Global economic concerns and expectations for a strong harvest have sent coffee prices lower in the last few months, but strong demand and potential weather issues during harvest may give coffee the jolt it needs to get back to $3.00 a pound.
Despite a rise in prices from several coffee companies, U.S. coffee demand increased 2% from June 2010 to June 2011, according to the International Coffee Organization. The world's largest consumer of coffee has put pressure on already low supplies, especially in good quality Arabica coffee. Increasing coffee consumption from emerging markets will also continue to keep supplies tight.
Supply concerns have been prominent in some of the world's top coffee producing and exporting countries. Brazil, the world's largest producer and exporter, had an August frost that will have little effect on this year’s harvest, but could decrease yields in 2012. Columbia, the third largest producer and exporter, suffered heavy rain during harvest, sending coffee prices up 25% in August. Due to weather issues, coffee exports in Colombia dropped 38% and Colombia experienced the lowest level of production since September of 1988.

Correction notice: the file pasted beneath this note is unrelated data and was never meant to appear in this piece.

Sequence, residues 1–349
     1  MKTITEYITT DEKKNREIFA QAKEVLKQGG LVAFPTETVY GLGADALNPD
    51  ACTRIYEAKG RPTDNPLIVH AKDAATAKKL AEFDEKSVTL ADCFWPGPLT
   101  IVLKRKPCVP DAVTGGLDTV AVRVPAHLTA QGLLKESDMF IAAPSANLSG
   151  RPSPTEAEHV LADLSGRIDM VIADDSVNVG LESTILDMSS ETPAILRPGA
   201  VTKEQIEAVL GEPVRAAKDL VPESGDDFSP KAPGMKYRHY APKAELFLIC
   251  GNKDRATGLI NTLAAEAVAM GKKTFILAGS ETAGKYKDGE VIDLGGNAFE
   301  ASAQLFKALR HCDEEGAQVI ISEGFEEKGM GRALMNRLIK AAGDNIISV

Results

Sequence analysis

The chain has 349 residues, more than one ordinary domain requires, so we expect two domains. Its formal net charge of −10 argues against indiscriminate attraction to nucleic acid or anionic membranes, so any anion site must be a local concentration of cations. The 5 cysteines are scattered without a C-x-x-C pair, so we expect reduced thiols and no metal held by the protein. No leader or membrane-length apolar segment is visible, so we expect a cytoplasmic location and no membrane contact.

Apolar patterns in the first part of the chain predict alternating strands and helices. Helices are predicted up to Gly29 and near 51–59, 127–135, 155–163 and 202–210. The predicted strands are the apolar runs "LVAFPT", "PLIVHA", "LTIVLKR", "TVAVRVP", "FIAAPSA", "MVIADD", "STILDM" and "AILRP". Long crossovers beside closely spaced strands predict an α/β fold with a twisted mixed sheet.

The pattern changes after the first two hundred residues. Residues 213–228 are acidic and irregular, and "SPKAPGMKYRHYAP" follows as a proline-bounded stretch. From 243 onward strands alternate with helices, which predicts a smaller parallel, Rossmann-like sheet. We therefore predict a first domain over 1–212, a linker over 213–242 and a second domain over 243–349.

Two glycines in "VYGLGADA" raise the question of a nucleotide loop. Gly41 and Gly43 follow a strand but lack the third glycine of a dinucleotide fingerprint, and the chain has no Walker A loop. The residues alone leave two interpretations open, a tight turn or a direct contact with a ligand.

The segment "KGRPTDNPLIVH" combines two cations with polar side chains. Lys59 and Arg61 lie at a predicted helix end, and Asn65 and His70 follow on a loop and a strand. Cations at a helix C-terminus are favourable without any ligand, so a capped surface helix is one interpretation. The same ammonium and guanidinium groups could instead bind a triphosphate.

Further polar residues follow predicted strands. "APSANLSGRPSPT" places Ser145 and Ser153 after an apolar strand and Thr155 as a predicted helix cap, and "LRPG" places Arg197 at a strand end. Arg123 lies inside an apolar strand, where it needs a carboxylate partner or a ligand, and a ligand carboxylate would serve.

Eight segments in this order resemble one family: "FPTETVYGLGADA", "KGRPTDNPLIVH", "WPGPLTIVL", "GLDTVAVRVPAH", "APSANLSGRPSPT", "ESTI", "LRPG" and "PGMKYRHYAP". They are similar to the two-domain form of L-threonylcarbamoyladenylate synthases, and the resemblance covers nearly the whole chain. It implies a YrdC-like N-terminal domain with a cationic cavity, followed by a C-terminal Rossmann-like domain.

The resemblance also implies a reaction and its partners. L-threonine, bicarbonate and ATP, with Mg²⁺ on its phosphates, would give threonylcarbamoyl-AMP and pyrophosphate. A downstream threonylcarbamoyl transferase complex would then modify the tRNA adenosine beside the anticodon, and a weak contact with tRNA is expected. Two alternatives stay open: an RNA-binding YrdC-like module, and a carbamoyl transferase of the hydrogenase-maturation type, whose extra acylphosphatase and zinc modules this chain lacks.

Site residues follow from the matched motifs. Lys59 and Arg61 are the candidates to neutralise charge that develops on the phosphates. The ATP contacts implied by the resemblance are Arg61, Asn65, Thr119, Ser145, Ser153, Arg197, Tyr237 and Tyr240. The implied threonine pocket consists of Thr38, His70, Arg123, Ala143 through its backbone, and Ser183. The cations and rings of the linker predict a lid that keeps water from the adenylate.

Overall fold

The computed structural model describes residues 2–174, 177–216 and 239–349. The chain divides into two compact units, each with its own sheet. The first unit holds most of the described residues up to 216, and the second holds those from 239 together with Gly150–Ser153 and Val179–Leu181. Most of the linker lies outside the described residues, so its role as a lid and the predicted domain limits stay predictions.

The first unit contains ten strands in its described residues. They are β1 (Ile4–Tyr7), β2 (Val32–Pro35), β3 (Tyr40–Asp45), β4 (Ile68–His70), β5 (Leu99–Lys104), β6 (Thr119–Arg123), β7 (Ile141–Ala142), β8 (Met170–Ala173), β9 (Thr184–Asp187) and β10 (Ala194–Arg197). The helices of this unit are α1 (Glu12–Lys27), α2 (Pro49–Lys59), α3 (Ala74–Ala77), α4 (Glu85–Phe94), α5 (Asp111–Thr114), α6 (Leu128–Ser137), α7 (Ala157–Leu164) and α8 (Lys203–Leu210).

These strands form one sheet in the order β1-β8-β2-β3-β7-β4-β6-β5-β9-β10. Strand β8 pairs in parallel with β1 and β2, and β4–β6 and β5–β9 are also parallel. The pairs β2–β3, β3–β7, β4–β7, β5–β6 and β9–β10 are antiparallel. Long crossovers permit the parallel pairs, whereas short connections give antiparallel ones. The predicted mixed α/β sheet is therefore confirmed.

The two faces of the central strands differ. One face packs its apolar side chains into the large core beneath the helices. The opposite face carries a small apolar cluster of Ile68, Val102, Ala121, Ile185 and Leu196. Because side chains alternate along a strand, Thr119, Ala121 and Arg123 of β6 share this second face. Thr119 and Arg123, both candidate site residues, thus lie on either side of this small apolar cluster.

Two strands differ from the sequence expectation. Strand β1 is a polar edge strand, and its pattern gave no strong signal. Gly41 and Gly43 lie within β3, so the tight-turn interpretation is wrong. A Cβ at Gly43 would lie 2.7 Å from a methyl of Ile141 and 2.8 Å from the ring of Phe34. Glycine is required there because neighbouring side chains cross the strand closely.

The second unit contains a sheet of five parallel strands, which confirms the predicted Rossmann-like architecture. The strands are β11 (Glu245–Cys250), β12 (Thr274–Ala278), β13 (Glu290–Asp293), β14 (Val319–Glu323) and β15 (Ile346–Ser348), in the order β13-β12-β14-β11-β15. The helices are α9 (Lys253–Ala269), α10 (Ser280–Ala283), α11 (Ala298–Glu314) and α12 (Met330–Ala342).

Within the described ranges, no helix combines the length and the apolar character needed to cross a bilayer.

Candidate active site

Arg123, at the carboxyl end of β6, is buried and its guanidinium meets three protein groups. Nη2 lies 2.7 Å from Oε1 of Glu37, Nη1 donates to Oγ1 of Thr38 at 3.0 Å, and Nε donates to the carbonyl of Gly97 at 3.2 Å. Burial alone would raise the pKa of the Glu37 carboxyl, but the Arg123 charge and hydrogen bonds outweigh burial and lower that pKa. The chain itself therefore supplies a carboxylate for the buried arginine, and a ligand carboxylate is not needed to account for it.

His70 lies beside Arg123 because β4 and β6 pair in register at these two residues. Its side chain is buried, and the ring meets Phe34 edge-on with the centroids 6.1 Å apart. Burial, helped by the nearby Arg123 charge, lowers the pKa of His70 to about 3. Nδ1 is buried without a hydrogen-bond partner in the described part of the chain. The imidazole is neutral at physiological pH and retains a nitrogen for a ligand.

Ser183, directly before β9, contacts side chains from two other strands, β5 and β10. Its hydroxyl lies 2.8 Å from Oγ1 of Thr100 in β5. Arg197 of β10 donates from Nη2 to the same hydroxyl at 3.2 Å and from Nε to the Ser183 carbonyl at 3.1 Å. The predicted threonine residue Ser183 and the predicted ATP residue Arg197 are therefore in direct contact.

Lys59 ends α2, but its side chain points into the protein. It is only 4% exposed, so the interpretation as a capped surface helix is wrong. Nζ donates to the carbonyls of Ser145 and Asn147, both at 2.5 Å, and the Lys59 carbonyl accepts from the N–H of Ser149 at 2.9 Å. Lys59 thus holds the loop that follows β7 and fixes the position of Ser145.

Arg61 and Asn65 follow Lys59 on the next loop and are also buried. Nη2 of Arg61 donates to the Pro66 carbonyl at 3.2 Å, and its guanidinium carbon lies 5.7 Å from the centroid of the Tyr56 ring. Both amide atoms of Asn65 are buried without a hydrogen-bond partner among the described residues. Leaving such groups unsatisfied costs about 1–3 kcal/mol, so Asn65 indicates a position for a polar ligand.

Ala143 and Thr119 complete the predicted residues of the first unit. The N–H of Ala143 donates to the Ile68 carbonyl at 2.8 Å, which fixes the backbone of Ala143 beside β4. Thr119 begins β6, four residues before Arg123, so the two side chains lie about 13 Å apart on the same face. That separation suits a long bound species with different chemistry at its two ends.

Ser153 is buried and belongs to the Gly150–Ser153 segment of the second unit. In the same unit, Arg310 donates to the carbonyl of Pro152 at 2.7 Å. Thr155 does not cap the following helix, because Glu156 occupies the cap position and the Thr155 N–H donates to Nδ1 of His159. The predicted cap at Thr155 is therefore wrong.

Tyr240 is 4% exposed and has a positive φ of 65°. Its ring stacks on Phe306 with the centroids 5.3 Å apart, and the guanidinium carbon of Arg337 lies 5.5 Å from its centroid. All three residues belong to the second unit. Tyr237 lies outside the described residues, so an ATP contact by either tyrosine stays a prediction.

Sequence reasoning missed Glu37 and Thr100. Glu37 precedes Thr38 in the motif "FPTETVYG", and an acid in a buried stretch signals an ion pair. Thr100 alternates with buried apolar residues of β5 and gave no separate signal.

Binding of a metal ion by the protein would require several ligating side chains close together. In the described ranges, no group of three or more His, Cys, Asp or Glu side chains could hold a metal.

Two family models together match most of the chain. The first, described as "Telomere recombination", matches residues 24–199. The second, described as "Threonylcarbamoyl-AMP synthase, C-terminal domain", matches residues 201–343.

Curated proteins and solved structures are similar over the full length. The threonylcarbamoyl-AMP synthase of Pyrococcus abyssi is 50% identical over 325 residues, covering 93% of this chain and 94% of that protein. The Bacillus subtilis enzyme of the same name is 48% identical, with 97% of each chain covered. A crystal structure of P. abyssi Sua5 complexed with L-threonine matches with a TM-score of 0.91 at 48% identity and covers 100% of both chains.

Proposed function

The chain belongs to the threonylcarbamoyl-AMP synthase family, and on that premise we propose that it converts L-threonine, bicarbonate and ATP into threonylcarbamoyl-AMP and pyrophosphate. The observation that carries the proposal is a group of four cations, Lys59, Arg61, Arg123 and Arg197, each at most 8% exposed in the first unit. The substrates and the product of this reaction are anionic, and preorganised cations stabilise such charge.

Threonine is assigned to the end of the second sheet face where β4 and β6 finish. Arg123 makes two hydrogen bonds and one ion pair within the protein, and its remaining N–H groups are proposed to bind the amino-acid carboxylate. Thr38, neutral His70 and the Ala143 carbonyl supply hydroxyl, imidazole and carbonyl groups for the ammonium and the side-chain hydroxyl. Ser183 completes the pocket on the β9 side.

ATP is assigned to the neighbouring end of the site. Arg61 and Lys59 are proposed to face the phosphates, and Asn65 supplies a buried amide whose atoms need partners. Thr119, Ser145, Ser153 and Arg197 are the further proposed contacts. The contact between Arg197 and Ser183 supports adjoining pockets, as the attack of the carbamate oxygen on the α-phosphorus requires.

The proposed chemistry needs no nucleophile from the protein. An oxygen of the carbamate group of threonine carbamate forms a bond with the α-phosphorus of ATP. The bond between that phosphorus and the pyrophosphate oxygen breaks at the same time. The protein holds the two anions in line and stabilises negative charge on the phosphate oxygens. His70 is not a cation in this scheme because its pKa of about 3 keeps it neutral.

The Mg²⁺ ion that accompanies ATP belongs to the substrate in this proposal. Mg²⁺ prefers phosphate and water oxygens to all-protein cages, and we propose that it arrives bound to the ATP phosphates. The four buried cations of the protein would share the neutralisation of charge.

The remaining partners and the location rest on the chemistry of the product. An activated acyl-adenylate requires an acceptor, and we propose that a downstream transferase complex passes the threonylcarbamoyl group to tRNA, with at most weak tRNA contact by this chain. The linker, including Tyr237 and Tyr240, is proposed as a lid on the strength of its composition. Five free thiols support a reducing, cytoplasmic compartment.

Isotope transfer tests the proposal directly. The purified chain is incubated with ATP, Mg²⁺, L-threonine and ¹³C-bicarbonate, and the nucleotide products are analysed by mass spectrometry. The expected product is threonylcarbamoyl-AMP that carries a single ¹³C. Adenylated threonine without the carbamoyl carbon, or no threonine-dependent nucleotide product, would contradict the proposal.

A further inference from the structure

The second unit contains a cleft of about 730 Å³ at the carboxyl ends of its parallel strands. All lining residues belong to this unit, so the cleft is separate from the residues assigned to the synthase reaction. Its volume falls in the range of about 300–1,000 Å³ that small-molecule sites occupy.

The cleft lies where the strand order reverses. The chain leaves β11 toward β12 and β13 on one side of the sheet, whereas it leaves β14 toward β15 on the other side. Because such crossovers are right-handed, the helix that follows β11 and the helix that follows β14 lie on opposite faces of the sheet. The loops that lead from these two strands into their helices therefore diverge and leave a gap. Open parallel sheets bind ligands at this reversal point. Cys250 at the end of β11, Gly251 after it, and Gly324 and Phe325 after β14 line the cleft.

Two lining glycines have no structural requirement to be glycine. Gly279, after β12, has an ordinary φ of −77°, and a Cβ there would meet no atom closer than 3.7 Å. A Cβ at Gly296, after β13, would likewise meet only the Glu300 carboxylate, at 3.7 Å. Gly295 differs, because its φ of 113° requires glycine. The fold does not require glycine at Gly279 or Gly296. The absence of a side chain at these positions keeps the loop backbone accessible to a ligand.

Brazil is expected to yield a record crop of over 55 million bags in 2012. The expected yield will still not satisfy the 62 to 64 million bags needed to meet demand in the coming two seasons though, according to Rabobank. To accomplish an ideal yield, there will need to be sufficient precipitation for a healthy flowering season. The threat of another La Nina this winter will heighten the supply risk leaving prices volatile.
If Brazil comes close to producing a record crop for 2012, it could be a bearish force on prices. The large crop forecasted for Vietnam, the second largest producer and exporter, could also weigh on prices. These strong crops may relieve pressure on prices, but will only be a short-term solution. It takes three to four years for a new coffee tree to become productive, leaving coffee in short supply for the next few years.
Tightening supplies, not only in coffee, have increased global commodity prices over the past two years. Inelastic coffee demand and limited supplies should keep prices elevated, even with potential record high yields for 2012. Any sign of issues related to the 2012 crop may send prices back towards $3.00. Keep a close eye on the La Nina weather pattern forming.
Wake up and smell the coffee, it might be too expensive tomorrow.